As Adam Lambert rises the pop ranks, he joins a long line of musical frontmen who can really show out
RICH LOPEZ | Staff Writer firstname.lastname@example.org
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Recently, Adam Lambert sang the praises of Queen frontman Freddie Mercury. Much of Lambert’s stylings and persona are reminiscent of the late bisexual singer, but when he asked NPR recently where are today’s flamboyant showmen, I was perplexed. If by flamboyant, he means gay, well, then perhaps I can see that. But pop and rock music today is not lacking for outrageousness in male personalities.
Lambert doesn’t have to look too far to see that the musical landscape is filled with exciting onstage personas that can equal Lady Gaga or Katy Perry. Lest he thinks he’s the only one on the radar doing up an extravaganza show, he’d be sorely mistaken. I picked out a few worthwhile singers and performers that should answer Lambert’s question.
Mika — I’m sorry to tell Lambert that Brit pop singer Mika fits the Freddie Mercury prototype like a glove, much more than Lambert does. With bouncy pop that’s also smart, Mika is exciting to watch as he rules his stage and flutters with some crazy vocal gymnastics. To add to that, he can throw down big time on a piano. He can wear the audience out even when he’s doing all the work.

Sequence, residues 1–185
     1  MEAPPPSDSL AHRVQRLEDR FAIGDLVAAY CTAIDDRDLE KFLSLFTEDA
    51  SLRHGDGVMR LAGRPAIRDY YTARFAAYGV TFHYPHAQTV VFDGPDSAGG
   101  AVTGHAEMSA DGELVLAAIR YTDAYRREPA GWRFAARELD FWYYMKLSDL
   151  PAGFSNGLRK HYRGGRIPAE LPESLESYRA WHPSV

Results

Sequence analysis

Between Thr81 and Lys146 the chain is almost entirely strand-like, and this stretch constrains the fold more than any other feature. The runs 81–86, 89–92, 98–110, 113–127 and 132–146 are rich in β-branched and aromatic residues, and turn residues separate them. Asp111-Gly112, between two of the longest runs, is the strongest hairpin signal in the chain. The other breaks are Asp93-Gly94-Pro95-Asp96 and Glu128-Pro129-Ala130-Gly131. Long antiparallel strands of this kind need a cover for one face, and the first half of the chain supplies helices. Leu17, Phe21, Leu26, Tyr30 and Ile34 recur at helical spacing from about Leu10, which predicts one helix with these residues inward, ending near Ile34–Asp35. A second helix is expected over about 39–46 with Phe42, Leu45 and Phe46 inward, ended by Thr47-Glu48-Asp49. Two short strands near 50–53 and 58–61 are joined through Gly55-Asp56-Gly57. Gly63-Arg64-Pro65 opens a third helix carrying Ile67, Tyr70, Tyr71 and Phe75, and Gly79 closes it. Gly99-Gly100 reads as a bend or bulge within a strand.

Kele Okereke — The Bloc Party gay frontman woos his audience like a lover. He has that magic that is both hypnotic and thrilling. Okereke drips sex appeal the way Lenny Kravitz used to, only he keeps it approachable enough to not make him look like a douche. Others usually miss that mark.
Brandon Flowers — When Flowers takes the mike during his band’s show, he not only sings, he leads like a conductor. The Killers pop rock drives forward with heavy guitars and drums, but Flowers owns the stage with the slightly off-kilter-ness of Johnny Depp’s Mad Hatter but makes up for it with squeaky clean good looks and guy-liner.
Justin Timberlake — It’s hard to believe I live in a world where Justin T. is a music veteran. Not only that, he’s become a respectable musician and artist. But first, he was the breakout guy from N*Sync. You could see his potential then that he was going to be big, but when he matured into pop music hotness, he proved that outrageousness and flamboyance isn’t all that’ s needed to be a great showmen. J.T.’s got the moves, the looks and also works his sex appeal to no end.
There are countless others, but Lambert can’t rule out these contemporaries just because he’ll kiss a guy onstage or wear outlandish costumes. Flamboyant showmanship is of varying degree. Glam rock hasn’t yet made its comeback, but Lambert is at least spearheading the movement and in a few years, he’ll be the next veteran that up and comers will cite as an influence.
This article appeared in the Dallas Voice print edition September 3, 2010.
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